Members of the Ohio House and Senate reached a deal to raise the gas tax by 10.5 cents beginning in July. The lawmakers say that will be enough to help Ohio close a funding gap for construction on the state's roads and bridges.
The transportation budget bill, which passed both chambers Tuesday afternoon, brings the state gas tax total to 38.5 cents a gallon. The deal also included a 19 cent increase to the diesel fuel tax.
These hikes are projected to generate about $865 million a year in revenue for Ohio’s infrastructure. The state will get $524 million of that revenue for construction projects, the rest will go to local governments.
House Speaker Larry Householder (R-Glenford) says, after weeks of debate on the issue, they think this strikes the right balance.
“The state made a case that between $500 to $550 million was what they needed in the first year and this reached that goal, and it provided a lot of critical money needed by the locals as well. So yeah, I was pleased with this,” Householder says.
Senate President Larry Obhof (R-Medina), who was apprehensive at raising the gas tax from the start, said the final version of the bill makes sure the state can still maintain its roadways.
“Improving our roads, improving our bridges, fixing problems that we see throughout Ohio and making Ohio as strong as it can be. While taking exactly what we need and preserving the taxpayers’ ability to pay their bills before they pay the government’s,” Obhof says.
Gov. Mike DeWine first proposed an 18 cent increase to the gas tax, saying this would help bridge an expanding budget gap in the Ohio Department of Transportation’s construction funds. ODOT said it needed to generate an average of $1 billion annually over the course of 10 years.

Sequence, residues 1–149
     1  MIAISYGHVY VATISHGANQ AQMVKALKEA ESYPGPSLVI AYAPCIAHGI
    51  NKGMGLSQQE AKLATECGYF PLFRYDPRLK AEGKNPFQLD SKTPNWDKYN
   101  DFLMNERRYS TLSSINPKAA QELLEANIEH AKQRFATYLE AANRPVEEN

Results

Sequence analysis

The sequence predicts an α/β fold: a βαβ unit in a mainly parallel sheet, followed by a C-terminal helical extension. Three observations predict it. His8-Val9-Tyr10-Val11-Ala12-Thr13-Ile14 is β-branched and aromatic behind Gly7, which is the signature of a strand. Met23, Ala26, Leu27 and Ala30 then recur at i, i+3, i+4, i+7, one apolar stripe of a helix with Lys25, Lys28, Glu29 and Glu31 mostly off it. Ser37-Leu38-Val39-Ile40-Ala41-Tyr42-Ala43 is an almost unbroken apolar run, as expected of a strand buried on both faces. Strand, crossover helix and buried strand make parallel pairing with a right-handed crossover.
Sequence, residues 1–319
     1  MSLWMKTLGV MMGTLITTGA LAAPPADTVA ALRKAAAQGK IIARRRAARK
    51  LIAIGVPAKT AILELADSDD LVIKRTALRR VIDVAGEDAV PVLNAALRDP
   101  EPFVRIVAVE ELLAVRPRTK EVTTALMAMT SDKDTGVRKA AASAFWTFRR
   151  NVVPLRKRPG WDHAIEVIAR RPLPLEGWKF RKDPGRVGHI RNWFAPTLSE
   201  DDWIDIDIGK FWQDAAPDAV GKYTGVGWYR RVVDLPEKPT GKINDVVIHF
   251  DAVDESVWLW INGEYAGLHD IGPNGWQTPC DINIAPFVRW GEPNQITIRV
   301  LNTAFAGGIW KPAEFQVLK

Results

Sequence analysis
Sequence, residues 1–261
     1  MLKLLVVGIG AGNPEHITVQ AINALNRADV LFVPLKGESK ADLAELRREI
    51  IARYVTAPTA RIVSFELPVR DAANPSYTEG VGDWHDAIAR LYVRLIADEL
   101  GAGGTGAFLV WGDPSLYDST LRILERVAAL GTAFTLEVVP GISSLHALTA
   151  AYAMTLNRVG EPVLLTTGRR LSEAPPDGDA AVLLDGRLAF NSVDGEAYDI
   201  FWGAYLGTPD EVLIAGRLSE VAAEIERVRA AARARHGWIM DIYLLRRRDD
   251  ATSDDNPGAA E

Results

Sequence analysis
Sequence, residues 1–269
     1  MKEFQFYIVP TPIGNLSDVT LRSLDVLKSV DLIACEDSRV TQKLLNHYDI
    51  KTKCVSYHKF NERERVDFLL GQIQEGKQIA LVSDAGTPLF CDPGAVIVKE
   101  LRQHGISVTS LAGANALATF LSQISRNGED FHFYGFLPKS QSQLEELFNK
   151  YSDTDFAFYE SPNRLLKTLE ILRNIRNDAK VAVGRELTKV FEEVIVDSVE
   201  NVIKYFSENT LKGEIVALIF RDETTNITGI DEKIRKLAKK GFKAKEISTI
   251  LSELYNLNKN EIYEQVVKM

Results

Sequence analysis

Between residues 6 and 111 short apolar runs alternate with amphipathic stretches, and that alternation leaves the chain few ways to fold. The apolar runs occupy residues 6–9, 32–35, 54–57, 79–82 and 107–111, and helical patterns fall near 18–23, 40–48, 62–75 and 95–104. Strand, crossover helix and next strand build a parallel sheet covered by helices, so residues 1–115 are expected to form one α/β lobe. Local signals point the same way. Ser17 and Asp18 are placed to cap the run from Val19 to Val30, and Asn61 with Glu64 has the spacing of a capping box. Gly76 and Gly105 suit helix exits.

DeWine believes the legislature’s increase will work for the state, for now.
“The real difference is not in the first year and the second year. The real difference you see between how we approach this is I was trying to get a fix for 10 years, look that may have been overly ambitious to try to do that, we’ve got a fix for a few years,” DeWine says.
Householder agrees that this might only help carry Ohio’s construction costs for a few years. But he highlighted a study commission created in the bill that will be required to take an in-depth look at the state’s driving habits and fuel use.
The group can determine if a gas tax will still be the best indicator of construction costs and if developments in new technology might lead to changes.
“To find out, what Ohio’s gonna look like down the road and how are we gonna pay for our roads and pay for our infrastructure moving forward and making certain that Ohio maintains their place as a leader for transportation in this country,” says Householder.
The battle over increasing the gas tax reached a stalemate in conference committee, when members of the House and Senate must come to an agreement on the changes made to the bill.
The House originally had a hike of 10.7 cents and the Senate put the gas tax increase at 6 cents. At one point, Householder said the House had a deal with DeWine at 11 cents and blamed the Senate for holding out.
State Sen. Matt Dolan (R-Chagrin Falls) said fighting to bring that 11 cents down half a cent meant keeping about $33 million in the taxpayers’ pockets.
“And while sometimes it felt like it was the Senate against the world, that was always our mission. Fill the need, protect the taxpayers,” Dolan says.
The transportation budget put $70 million towards public transportation. It also got rid of the state’s two-license plate rule, so that starting in 2020, vehicles will only be required to display one license plate.
DeWine has the power to line-item veto provisions of the bill. He said it’s a possibility but wants more time to read over the legislation first.